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Economic Policy Reforms 2005

Going for Growth

image of Economic Policy Reforms 2005
Economic Policy Reforms: Going for Growth is a new annual periodical – intended as a complement to the OECD Economic Outlook and OECD Economic Surveys – which gives an overview of structural policy developments in OECD countries.  The report pinpoints structural policy priorities to enhance GDP per capita for all member countries, and ways to improve labour productivity and utilisation are identified on the basis of cross-country comparisons of policy settings.

A chapter presenting key structural policy indicators (including labour costs and taxation, unemployment and disability benefits, product market regulation, trade barriers, educational attainment and public investment) is followed by a comprehensive Country Notes chapter, consisting of individual analytical sections for each member country and the European Union.

Each issue of Economic Policy Reforms: Going for Growth will also present several in-depth thematic studies. The topics covered in this first issue are: product market regulation, retirement effects of old-age pension and early retirement schemes, female labour force participation and the long-term budgetary implications of tax-favoured retirement saving plans.

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Product Market Regulation in OECD Countries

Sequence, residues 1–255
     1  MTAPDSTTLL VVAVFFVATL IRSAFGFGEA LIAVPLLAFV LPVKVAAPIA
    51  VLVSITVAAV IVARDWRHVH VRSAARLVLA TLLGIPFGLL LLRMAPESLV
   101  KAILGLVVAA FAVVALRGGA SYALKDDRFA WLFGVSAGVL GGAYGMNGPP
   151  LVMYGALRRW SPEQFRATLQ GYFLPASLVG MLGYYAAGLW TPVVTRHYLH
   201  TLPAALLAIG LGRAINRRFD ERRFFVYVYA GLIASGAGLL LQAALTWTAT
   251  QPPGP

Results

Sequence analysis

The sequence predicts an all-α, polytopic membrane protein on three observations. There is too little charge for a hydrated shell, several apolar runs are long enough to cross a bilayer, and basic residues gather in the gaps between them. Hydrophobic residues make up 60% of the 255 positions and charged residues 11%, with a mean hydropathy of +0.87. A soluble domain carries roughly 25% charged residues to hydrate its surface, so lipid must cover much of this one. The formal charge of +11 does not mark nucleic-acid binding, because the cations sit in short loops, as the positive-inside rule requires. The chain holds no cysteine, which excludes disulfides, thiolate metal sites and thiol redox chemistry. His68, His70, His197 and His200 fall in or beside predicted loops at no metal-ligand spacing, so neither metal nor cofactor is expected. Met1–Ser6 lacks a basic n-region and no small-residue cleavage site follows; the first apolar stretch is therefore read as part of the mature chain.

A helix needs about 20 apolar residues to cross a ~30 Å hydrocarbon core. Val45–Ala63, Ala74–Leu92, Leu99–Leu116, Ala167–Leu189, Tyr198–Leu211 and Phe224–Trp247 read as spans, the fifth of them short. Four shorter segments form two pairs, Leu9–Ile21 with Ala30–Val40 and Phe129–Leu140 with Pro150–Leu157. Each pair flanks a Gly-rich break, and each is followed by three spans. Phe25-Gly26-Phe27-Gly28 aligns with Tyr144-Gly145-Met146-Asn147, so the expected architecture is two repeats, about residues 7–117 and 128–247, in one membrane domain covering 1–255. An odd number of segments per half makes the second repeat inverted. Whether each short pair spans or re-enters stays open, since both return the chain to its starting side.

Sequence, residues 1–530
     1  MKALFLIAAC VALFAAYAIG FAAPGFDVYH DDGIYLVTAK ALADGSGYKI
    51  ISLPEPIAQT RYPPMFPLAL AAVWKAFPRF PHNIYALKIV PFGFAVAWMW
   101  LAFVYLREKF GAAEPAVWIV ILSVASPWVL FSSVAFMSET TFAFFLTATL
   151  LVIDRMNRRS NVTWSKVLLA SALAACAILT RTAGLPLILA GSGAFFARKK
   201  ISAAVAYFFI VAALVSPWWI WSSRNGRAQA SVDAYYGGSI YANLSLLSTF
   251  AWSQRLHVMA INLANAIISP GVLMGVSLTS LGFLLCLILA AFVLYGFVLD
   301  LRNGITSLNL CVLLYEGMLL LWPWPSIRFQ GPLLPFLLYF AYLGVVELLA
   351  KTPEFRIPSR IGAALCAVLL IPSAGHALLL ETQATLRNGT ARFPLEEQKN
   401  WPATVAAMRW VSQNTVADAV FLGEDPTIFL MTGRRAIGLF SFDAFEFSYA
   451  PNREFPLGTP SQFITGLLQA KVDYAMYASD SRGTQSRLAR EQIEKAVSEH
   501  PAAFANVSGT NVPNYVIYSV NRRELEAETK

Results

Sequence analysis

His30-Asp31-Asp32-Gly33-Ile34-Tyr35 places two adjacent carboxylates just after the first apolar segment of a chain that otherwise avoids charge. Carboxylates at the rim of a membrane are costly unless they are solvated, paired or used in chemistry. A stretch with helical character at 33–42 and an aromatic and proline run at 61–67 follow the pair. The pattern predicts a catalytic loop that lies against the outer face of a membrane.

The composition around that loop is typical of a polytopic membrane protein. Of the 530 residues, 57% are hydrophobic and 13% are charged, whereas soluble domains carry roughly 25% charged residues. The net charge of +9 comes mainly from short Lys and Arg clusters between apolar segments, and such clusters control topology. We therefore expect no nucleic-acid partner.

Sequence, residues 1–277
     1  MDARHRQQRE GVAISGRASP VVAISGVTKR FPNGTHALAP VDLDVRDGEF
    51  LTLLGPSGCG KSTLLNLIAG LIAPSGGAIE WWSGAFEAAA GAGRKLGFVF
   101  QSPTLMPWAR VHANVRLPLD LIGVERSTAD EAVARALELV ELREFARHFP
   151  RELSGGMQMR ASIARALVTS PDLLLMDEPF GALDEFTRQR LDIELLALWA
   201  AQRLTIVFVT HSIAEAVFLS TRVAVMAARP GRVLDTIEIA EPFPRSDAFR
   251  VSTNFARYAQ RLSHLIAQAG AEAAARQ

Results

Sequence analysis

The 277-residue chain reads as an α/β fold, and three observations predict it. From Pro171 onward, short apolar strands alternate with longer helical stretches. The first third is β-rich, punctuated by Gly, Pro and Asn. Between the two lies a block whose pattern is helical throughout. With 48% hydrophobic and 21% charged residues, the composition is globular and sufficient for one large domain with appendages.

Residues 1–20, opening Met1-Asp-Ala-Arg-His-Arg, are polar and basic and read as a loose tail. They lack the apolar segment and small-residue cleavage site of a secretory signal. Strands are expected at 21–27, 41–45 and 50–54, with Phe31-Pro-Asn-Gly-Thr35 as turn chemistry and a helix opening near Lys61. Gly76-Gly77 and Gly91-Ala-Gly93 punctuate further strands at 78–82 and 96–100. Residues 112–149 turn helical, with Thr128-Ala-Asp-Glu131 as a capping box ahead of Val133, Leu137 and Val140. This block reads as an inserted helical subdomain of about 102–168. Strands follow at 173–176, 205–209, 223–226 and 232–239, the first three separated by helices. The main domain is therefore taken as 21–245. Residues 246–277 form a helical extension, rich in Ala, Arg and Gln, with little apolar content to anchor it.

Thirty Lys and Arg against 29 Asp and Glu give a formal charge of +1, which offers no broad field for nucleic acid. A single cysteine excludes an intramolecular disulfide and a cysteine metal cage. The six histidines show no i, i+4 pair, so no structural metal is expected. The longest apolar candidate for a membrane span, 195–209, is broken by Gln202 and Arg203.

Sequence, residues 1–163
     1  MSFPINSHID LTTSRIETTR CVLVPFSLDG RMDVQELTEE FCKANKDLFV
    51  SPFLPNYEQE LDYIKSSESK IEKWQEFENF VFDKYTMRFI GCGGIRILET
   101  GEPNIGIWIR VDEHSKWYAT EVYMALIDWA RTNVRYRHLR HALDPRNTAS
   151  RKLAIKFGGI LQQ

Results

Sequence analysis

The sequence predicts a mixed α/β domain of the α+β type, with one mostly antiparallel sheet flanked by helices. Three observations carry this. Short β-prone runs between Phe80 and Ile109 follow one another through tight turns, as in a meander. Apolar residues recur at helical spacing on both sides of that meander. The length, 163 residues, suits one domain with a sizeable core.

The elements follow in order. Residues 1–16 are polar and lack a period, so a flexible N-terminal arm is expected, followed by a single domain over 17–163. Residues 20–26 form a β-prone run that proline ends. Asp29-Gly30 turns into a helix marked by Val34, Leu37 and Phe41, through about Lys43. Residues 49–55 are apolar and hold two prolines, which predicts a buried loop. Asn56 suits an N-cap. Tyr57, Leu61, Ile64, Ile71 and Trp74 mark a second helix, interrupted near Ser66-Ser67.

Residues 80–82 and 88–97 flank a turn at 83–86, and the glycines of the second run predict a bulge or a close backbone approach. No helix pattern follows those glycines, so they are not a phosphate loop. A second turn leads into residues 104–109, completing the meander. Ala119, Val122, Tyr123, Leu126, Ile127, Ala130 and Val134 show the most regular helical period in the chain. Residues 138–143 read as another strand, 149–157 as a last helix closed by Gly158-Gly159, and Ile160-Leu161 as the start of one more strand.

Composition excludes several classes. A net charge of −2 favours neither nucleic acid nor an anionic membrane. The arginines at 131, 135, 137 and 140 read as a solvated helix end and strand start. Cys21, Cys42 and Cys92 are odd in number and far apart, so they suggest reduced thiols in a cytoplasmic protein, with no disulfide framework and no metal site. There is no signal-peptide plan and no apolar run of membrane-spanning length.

From 1998 to 2003

This chapter describes trends in product market regulation in OECD countries over the period 1998 to 2003. The analysis is based on summary indicators of product market regulation that measure the degree to which policies promote or inhibit competition. The results suggest that regulatory impediments to competition have declined in all OECD countries in recent years. Regulation has also become more homogenous across the OECD as countries with relatively restrictive policies have, in some areas, moved towards the regulatory environment of the more liberalised countries. Within some countries product market policies have become more consistent across different regulatory provisions, although relatively restrictive countries still tend to have a more heterogeneous approach to competition. In general, domestic barriers to competition tend to be higher in countries that have higher barriers to foreign trade and investment, and high levels of state control and barriers to competition tend to be associated with cumbersome administrative procedures and policies that reduce the adaptability of labour markets. Notwithstanding recent progress in product market reform, a “hard core” of regulations that impede competition still persists in virtually all countries.

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